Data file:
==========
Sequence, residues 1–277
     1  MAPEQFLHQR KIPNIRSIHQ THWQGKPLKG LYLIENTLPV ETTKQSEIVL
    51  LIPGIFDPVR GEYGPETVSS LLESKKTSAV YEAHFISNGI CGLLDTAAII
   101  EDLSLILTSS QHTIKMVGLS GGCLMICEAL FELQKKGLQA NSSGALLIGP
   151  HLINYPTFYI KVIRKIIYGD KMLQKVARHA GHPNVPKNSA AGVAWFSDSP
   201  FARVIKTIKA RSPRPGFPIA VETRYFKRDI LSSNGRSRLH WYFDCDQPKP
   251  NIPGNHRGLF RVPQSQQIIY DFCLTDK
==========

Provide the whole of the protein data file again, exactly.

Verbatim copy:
Sequence, residues 1–277
     1  MAPEQFLHQR KIPNIRSIHQ THWQGKPLKG LYLIENTLPV ETTKQSEIVL
    51  LIPGIFDPVR GEYGPETVSS LLESKKTSAV YEAHFISNGI CGLLDTAAII
   101  EDLSLILTSS QHTIKMVGLS GGCLMICEAL FELQKKGLQA NSSGALLIGP
   151  HLINYPTFYI KVIRKIIYGD KMLQKVARHA GHPNVPKNSA AGVAWFSDSP
   201  FARVIKTIKA RSPRPGFPIA VETRYFKRDI LSSNGRSRLH WYFDCDQPKP
   251  NIPGNHRGLF RVPQSQQIIY DFCLTDK